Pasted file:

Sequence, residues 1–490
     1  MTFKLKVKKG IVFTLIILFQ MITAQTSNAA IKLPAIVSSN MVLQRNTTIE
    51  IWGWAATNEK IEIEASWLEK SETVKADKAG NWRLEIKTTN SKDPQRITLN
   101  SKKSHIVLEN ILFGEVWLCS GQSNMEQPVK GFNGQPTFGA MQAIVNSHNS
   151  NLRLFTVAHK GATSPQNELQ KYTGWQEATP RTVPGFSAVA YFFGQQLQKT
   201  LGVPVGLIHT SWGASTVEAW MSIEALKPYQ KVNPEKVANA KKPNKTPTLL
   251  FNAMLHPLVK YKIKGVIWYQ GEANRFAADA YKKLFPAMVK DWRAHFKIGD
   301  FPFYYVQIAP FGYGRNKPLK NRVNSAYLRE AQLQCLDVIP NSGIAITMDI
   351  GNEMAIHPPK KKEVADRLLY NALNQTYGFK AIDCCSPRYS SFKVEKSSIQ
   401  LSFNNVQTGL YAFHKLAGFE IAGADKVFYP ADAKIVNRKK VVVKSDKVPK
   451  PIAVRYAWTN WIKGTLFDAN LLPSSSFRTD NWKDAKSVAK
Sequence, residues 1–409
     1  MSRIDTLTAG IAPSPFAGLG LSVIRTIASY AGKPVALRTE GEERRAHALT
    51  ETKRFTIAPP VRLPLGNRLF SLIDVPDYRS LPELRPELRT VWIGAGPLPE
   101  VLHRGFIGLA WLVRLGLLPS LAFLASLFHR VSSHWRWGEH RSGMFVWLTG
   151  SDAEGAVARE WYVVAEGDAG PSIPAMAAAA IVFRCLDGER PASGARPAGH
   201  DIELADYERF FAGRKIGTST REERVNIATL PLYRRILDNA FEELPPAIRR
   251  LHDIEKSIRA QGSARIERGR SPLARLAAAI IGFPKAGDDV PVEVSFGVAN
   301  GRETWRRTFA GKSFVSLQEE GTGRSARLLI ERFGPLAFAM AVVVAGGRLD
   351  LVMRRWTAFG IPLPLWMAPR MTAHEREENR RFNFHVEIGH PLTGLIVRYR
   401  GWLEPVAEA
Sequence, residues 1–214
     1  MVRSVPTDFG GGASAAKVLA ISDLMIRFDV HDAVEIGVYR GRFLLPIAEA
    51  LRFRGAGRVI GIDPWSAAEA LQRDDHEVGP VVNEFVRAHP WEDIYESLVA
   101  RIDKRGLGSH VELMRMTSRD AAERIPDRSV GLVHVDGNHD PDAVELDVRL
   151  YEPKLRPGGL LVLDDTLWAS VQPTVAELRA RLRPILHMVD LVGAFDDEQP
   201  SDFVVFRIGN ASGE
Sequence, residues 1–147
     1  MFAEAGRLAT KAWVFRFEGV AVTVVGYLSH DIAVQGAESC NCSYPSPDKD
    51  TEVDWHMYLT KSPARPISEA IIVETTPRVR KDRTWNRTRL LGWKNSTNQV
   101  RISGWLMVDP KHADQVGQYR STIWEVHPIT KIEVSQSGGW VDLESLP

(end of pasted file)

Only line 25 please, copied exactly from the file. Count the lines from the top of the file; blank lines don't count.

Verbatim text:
   101  RIDKRGLGSH VELMRMTSRD AAERIPDRSV GLVHVDGNHD PDAVELDVRL